Aiding in the ability to run the same substrates is Color Grip Technology from Canon Solutions America. ColorGrip is a conditioning fluid that enhances ink adhesion on either standard coated or uncoated offset papers. McNaughton & Gunn run ColorGrip on every job through the VarioPrint i300.
Since the VarioPrint i300 is a cutsheet device, it also enables operators to change substrates and basic sizes quickly. Powered by Océ PRISMA workflow, the press moves from one format to another, between paper types on the fly.
McNaughton & Gunn installed the VarioPrint i300 in November 2017. Clark admits that the team ramped up production fairly quickly, but still had a lot to learn. “This is no different than putting a large offset press on your shop floor. There is a lot to learn with an inkjet press and the first few months will not be as productive as the following six months.”
The VarioPrint i300 contributes to roughly eight percent of McNaughton & Gunn’s annual sales, the company averages two million 11×17-inch or 12.5×18-inch sheets and 6.4 million pages per month. Short-run cookbooks, textbooks, and travel guides are common job requests.
It successfully identified its sweet spot in terms of digital. 25 to 900 copies and 32 to 296 pages, with a four-color cover on 10 or 12 pt., matte or gloss lamination, and perfect bound. “We look at jobs going into digital as a total number of sheets through our digital presses and through our digital binders,” explains Clark.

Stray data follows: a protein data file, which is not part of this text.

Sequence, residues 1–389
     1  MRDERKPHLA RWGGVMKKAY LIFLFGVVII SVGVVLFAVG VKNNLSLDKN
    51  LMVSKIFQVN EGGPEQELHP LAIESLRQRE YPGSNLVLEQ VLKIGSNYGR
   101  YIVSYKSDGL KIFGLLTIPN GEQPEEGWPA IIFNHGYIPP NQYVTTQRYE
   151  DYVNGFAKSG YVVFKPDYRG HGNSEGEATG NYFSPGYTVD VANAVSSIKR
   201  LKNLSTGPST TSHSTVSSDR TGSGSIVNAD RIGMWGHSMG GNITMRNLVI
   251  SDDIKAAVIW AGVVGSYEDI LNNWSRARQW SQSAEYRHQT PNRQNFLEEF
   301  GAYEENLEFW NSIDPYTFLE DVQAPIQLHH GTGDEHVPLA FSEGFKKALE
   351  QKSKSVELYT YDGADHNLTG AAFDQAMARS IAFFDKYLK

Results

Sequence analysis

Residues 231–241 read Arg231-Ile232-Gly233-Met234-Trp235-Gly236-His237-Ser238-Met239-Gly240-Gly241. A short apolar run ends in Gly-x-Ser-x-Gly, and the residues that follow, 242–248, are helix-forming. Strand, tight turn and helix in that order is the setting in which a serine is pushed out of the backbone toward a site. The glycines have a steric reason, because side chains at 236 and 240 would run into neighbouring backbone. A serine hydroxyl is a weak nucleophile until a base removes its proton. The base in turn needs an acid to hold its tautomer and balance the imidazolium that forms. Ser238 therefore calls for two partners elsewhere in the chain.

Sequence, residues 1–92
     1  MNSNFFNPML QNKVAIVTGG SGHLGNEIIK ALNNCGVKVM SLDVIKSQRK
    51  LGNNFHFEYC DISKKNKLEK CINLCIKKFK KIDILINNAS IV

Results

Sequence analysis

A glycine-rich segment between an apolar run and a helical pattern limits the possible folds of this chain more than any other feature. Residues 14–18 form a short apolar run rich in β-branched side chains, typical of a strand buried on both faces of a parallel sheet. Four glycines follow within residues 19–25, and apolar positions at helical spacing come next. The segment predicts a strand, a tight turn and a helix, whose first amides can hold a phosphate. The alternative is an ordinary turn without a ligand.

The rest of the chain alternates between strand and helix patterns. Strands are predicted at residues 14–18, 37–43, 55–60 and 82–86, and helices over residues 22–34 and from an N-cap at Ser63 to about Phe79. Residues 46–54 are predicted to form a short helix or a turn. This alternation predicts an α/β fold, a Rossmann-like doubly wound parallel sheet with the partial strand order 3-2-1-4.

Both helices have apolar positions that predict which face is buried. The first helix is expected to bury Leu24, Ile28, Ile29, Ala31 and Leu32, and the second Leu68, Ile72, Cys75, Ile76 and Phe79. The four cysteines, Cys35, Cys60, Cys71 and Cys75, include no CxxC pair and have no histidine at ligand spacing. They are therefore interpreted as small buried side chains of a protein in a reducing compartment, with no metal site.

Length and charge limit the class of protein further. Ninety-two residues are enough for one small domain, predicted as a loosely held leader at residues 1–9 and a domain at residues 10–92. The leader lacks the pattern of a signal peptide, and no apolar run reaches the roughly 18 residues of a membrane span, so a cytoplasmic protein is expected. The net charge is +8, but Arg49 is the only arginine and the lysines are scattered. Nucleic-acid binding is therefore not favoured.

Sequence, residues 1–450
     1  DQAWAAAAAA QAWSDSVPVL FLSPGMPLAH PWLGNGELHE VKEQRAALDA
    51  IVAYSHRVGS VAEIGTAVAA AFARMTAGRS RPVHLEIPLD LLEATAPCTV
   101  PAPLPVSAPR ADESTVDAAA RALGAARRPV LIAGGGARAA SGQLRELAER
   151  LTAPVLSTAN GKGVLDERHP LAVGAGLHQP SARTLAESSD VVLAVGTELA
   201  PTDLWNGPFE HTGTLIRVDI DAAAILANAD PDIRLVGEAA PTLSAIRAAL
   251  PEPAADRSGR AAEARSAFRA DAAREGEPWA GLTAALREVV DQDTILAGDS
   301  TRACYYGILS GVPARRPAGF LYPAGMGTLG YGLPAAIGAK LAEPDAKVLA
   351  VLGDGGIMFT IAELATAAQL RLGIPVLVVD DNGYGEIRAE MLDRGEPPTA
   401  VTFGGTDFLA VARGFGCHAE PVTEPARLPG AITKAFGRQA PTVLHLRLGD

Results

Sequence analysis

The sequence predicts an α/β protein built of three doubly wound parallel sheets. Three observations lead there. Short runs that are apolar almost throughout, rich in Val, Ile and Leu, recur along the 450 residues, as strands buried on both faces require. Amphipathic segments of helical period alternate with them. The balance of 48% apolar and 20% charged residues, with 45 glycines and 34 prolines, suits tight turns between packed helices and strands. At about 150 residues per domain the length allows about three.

With a full year of production behind them, Clark says that while the VarioPrint i300 has produced at levels that exceeded the company’s expectations, there is still about 20 percent unused capacity on the press. The goal is to fill that time with more four-color text pages—one of the primary reasons the VarioPrint i300 was added in the first place.
“Publishers have learned that color sells, and more short-run books include color pages. We regained the business of some of our customers who were already doing four-color text pages—just not with us,” admits Clark.
The press’ highlight color capabilities are also beneficial. For example, allowing customers to add color to the first big letter of a chapter opener.
Clark says the company has since experienced interest from its existing client base, it hasn’t had time to add new customers. Keeping busy, he believes the press will pay for itself in two-and-a-half years of owning it.
In lieu of adding another machine to expand its digital printing options, McNaughton & Gunn is looking to improve its perfect binding capabilities. With the VarioPrint i300 running consistently, finishing is now the production bottleneck. 2019 includes plans to upgrade its perfect binding in digital. In doing so, the company will increase its output of books by 30 percent per day.
Wave of Change
Inkjet technology like the VarioPrint i300 is part of a wave of change in the book publishing industry. With the capability to print on paper stock used in both offset and digital presses, many of the smaller run jobs that once ate up time on an analog press can be moved over to digital. The technology is efficient and cost effective. McNaughton & Gunn realized this with the purchase of its VarioPrint i300 and continues to look forward.
Jul2019, DPS Magazine